Adults are often quick to judge babies based on first impressions; infants are often quickly labelled as 'shy' or 'easy to please', for example.
And now a new study has found that babies make similar judgements about adults too.
An experiment involving hundreds of babies revealed that they are able to observe the emotional tenor of adult interactions and self-censor their behavior accordingly.
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The study found that babies register how people interact with each other and are able to tailor their reactions accordingly, as this video shows.
The research, published in the March issue of Developmental Psychology, was carried out to see how exposing babies to an unfamiliar adult's anger toward another adult would affect the babies' behavior in a new situation.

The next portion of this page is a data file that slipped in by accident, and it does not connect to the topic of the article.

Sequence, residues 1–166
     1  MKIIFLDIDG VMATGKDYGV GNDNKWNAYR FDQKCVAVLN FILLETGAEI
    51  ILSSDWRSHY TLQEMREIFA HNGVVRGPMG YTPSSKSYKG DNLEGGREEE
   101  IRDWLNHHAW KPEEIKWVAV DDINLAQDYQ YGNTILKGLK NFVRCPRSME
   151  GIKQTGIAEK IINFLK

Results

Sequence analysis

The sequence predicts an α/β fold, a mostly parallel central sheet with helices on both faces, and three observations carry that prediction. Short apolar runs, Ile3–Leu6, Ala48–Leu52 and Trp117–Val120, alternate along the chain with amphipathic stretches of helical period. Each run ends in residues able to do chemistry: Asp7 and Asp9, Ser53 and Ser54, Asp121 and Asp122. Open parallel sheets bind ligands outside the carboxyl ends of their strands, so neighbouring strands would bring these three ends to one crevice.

"Our research shows that babies are carefully paying attention to the emotional reactions of adults," said co-author Andrew Meltzoff, co-director of I-LABS.
"Babies make snap judgments as to whether an adult is anger-prone. They pigeonhole adults more quickly than we thought."